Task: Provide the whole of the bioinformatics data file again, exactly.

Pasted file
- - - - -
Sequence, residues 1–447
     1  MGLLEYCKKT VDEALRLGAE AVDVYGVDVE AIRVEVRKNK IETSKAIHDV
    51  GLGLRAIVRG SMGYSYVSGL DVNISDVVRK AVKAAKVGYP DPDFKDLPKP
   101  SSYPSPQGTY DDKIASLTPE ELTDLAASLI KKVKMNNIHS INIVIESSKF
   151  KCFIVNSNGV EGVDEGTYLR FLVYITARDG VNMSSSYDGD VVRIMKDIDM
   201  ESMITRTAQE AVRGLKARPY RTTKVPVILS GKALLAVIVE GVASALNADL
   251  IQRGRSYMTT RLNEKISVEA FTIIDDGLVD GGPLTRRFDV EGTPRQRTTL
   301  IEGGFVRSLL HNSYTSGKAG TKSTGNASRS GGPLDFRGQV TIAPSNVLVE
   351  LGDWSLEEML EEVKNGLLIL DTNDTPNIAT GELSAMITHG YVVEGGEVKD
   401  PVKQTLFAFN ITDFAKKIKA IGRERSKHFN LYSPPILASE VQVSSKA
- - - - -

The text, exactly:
Sequence, residues 1–447
     1  MGLLEYCKKT VDEALRLGAE AVDVYGVDVE AIRVEVRKNK IETSKAIHDV
    51  GLGLRAIVRG SMGYSYVSGL DVNISDVVRK AVKAAKVGYP DPDFKDLPKP
   101  SSYPSPQGTY DDKIASLTPE ELTDLAASLI KKVKMNNIHS INIVIESSKF
   151  KCFIVNSNGV EGVDEGTYLR FLVYITARDG VNMSSSYDGD VVRIMKDIDM
   201  ESMITRTAQE AVRGLKARPY RTTKVPVILS GKALLAVIVE GVASALNADL
   251  IQRGRSYMTT RLNEKISVEA FTIIDDGLVD GGPLTRRFDV EGTPRQRTTL
   301  IEGGFVRSLL HNSYTSGKAG TKSTGNASRS GGPLDFRGQV TIAPSNVLVE
   351  LGDWSLEEML EEVKNGLLIL DTNDTPNIAT GELSAMITHG YVVEGGEVKD
   401  PVKQTLFAFN ITDFAKKIKA IGRERSKHFN LYSPPILASE VQVSSKA